Many twentysomethings and thirtysomethings have already moved back in with Mom and Dad to save money. If you want to help your child or grandchild financially, be sure to get your own finances in order first and then set limits on what you contribute. You may help even more by sharing conventional financial wisdom that has guided previous generations.
• Pay off debt first. Getting out of credit card debt is “the number one action to take in 2009,” writes personal finance expert Suze Orman in her book Suze Orman’s 2009 Action Plan.
• Build up an emergency savings account. Orman recommends saving enough money to cover eight months of living expenses, and relying on this fund instead of a credit card in the event of an emergency.
• Create a budget and stick to it. Remind Gen-Xers and millennials to distinguish between “wants” and “needs” and to consider ways to cut back. Do they need the latest souped-up cellphone model? Probably not. Packing a lunch every day, rather than eating out, could save them $100 a month—money that could be put toward that emergency savings account or credit card debt. Encourage them to pay themselves first by putting a set amount of money in a Federal Deposit Insurance Corp.-insured or National Credit Union Administration-insured savings account at the beginning of each month or after receiving each paycheck.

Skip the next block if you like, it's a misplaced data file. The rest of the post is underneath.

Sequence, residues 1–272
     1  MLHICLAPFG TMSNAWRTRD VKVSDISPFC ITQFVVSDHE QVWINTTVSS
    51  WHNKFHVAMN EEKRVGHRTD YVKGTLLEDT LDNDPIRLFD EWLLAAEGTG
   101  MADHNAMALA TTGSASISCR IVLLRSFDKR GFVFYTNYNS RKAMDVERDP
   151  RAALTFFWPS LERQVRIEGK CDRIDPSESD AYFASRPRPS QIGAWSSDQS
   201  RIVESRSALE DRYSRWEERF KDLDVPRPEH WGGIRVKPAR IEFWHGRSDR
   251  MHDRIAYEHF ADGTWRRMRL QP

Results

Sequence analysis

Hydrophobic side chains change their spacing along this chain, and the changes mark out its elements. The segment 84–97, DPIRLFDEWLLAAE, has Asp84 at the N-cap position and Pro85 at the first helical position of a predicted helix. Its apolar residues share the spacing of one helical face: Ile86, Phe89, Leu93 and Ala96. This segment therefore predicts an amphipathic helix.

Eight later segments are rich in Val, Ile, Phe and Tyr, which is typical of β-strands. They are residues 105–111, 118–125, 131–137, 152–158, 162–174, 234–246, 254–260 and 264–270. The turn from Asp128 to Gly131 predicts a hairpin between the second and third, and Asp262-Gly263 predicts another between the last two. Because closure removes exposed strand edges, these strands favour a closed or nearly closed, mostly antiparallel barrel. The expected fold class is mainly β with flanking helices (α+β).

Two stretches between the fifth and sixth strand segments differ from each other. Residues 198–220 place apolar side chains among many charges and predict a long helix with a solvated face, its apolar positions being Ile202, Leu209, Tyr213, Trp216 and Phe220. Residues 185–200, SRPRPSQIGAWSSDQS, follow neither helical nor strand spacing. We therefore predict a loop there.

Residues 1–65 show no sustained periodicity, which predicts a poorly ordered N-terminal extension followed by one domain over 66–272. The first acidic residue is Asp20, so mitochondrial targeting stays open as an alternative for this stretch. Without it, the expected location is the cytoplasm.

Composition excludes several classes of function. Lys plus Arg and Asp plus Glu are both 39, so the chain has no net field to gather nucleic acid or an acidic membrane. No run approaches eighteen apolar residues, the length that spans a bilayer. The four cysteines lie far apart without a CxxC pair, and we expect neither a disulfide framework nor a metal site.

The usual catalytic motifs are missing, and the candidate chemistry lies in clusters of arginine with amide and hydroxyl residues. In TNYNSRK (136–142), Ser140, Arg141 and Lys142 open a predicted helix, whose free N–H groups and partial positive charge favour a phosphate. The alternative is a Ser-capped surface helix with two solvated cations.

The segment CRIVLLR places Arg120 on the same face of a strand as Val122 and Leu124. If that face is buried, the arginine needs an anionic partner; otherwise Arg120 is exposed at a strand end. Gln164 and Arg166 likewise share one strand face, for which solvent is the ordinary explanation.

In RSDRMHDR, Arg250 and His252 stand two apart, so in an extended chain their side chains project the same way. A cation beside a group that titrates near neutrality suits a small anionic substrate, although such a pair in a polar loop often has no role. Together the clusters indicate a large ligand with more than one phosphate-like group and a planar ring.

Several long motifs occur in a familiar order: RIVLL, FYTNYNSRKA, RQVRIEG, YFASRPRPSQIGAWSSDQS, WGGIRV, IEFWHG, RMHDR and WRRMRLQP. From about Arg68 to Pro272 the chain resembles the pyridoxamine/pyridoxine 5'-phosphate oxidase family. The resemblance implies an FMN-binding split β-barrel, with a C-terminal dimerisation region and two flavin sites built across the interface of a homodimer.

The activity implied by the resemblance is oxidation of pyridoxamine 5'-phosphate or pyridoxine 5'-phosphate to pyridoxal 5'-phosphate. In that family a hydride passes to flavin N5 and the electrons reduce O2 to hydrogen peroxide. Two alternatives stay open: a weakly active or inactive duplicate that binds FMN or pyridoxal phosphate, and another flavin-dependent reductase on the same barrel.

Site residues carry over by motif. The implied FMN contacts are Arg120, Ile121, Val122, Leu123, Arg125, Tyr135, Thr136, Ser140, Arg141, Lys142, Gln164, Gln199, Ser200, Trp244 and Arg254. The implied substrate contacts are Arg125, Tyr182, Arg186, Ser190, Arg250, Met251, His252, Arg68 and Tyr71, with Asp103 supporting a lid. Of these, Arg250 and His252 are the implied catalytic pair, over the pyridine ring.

• Plan for retirement. Experts say to keep contributing to a 401(k), especially if an employer will match contributions (why turn down free money?). Younger investors can afford to take more risks, so they shouldn’t panic and put all their money in stable-value funds. Today, they can buy more shares at lower prices. When the market rebounds and they can “sell high,” they’ll likely end up with more money. The key is to have a smart mix of stocks and bonds based on one’s retirement age.
• Rethink big purchases. Gen-Xers and millennials hear that now is a great time to buy a first home. And it is, assuming that they can afford to buy. Conventional wisdom says that homebuyers can afford a house that costs about 2 1/2 times their annual salary, with 20 percent down. But they also should have enough savings to cover eight months’ worth of expenses in case of job loss, says Orman. They shouldn’t buy unless they plan to stay put for five to seven years. And before house-hunting, they should clean up their credit records and get preapproved for a standard 30-year, fixed-rate mortgage.
The father of two millennials, Neil Howe—an economist, historian and coauthor of Millennials Rising: The Next Great Generation—offers this message: “You’re now experiencing what other generations have experienced. Take advantage of the things you’ve done well. Stay close to your family. Don’t lose sight of the long term.”
“A rule of thumb is plan, don’t panic,” says Lynne Lancaster, coauthor of When Generations Collide. “Take a deep breath, and think about what are all the different things you can do to get ready for rocky times.”
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Lauren Gamber is a Cleveland-based writer and editor.